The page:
Module 1: DATA AND PROCESS MODEL
Module 2: MASTER TABLES AND PAGES
Module 3: DOCUMENTS
Module 4: POSTING
Module 5: FEATURE INTEGRATION
Module 6: REPORTING
Module 7: STATISTICS
Module 8: DIMENSIONS
Module 9: ROLE TAILORING
Module 10: INTERFACES
Module 11: WEB SERVICES
Module 12: TESTING AND DEBUGGING
Module 13: SQL SERVER OPTIMIZATION
- Lesson 1: SQL Server for Microsoft Dynamics NAV
- Lesson 2: Representation of NAV Tables and Indexes in SQL Server
- Lesson 3: Collation Options
- Lesson 4: SQL Server Query Optimizer
- Lesson 5: SQL Server Query Optimizer
- Lesson 6: Data Access Redesign
- Lesson 7: C/AL Database Functions and Performance on SQL Server
- Lesson 8: Bulk Inserts
- Lesson 9: Locking, Blocking, and Deadlocks
- Lesson 10: SIFT Data Storage in SQL Server
- Lesson 11: SQL Server Profiler
Lesson 6: Data Access Redesign
Data Access Redesign
The SQL Server interface from Microsoft Dynamics NAV Server was rewritten for Microsoft Dynamics NAV 2013 to use ADO.NET instead of ODBC.
The new ADO.NET interface is a managed data access layer that supports SQL Server connection pooling. This can significantly decrease memory consumption by Microsoft Dynamics NAV Server. SQL Server connection pooling also simplifies deployment of the Microsoft Dynamics NAV three-tier architecture for deployments where the three tiers are installed on separate computers. Specifically, administrators are no longer required to manually create SPNs or to set up delegation when the client, Microsoft Dynamics NAV Server, and SQL Server are on separate computers.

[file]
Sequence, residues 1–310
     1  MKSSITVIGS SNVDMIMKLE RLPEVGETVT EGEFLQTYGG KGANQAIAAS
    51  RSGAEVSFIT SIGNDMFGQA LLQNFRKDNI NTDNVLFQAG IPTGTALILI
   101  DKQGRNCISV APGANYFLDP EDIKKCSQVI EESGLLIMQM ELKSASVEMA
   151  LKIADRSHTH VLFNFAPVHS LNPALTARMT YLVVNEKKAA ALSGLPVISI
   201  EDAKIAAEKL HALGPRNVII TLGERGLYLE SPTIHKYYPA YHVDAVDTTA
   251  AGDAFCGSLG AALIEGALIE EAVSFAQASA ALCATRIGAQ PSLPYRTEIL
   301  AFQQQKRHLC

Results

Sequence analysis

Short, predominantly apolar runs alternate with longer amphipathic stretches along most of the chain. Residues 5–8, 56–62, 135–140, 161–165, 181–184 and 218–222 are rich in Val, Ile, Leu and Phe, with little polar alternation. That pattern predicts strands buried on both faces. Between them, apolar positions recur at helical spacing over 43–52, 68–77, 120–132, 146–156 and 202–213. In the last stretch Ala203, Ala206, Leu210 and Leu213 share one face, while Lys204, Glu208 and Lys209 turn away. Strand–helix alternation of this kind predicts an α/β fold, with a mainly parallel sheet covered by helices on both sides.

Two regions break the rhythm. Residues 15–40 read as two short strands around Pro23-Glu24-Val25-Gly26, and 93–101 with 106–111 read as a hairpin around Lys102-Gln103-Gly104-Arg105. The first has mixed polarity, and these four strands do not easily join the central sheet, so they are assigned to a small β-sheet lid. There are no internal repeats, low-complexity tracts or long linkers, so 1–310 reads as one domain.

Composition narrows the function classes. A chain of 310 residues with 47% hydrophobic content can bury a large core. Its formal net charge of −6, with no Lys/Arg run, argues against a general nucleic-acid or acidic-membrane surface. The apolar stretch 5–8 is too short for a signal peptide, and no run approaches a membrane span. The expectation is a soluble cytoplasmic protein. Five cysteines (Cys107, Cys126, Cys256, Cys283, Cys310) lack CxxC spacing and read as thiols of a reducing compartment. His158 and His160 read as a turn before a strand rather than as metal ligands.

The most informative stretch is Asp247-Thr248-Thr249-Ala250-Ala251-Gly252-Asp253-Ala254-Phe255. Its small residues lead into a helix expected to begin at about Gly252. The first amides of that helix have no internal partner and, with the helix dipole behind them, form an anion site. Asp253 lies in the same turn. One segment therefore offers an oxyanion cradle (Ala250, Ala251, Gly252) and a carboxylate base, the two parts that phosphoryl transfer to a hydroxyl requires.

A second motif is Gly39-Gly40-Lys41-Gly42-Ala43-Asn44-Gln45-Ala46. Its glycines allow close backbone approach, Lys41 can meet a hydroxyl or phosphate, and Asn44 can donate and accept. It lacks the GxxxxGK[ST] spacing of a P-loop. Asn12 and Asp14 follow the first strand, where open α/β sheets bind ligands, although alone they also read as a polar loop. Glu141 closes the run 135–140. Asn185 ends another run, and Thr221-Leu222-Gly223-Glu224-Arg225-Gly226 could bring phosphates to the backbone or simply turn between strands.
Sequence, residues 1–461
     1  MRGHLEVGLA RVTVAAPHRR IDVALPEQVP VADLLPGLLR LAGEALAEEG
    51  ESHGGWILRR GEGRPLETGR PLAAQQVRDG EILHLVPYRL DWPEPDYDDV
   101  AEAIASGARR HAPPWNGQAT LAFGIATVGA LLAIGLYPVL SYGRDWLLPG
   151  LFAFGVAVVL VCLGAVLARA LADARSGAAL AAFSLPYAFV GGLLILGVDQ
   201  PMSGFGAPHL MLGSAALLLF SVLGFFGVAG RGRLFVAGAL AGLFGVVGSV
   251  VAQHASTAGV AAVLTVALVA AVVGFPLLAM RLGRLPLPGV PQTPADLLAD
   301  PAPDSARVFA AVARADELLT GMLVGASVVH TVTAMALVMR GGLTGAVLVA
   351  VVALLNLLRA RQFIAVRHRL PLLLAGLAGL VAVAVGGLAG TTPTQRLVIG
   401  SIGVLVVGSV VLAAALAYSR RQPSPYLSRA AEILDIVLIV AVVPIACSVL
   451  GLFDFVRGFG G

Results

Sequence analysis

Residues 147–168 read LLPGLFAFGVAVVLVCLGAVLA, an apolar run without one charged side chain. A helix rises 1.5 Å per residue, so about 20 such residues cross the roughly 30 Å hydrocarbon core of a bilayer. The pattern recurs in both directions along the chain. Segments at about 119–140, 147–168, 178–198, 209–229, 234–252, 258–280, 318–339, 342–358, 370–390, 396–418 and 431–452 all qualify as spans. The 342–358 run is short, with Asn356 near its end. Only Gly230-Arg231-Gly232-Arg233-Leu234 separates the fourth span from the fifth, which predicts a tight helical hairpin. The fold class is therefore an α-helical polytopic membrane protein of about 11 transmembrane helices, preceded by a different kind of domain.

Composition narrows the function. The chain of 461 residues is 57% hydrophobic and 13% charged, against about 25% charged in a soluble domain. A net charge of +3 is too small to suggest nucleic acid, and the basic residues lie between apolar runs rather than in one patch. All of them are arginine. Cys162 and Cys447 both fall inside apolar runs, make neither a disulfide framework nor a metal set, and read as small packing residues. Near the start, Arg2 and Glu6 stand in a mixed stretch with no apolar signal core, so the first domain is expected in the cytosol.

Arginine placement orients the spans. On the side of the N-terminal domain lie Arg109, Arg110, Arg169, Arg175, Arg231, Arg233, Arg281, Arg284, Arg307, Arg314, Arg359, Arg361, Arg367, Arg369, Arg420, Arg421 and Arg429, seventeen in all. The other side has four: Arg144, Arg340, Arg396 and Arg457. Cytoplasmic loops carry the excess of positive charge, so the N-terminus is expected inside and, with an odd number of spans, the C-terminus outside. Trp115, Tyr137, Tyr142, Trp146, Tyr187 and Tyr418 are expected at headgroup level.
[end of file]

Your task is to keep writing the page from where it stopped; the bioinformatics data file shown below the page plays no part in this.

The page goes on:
Decreased Resource Consumption
There is no longer a one-to-one correlation between the number of client connections and the number of SQL Server connections. In earlier versions of Microsoft Dynamics NAV, each SQL Server connection could consume up to 40 MB of memory. Memory allocation is now in managed memory. This is generally more efficient than unmanaged memory.
In Microsoft Dynamics NAV 2013, all users who are connected to the same Microsoft Dynamics NAV Server instance share the data cache. This means that after one user has read a record, a second user who reads the same record retrieves it from the cache. In earlier versions of Microsoft Dynamics NAV, the data cache was isolated for each user.
Microsoft Dynamics NAV 2013 uses an improved cache system. The following functions use the cache system:
There are two types of caches:
- Global cache – For all users who are connected to a Microsoft Dynamics NAV Server instance.
- Private cache – For each user, for each company, in a transactional scope. Data in a private cache for a given table and company are flushed when a transaction ends.
The lock state of a table determines the cache to use. If a table is not locked, then the global cache is queried for data. Otherwise, the private cache is queried.
Results from query objects are not cached.
For a call to any of the FIND functions, 1024 rows are cached. You can set the size of the cache by using the Data Cache Size setting in the Microsoft Dynamics NAV Server configuration file. The default size is 9. This approximates a cache size of 500 MB. If you increase this number by one, then the cache size doubles.
You can bypass the cache by using the SELECTLATESTVERSION Function.
Microsoft Dynamics NAV 2013 synchronizes caching between Microsoft Dynamics NAV Server instances that are connected to the same database. By default, synchronization occurs every 30 seconds.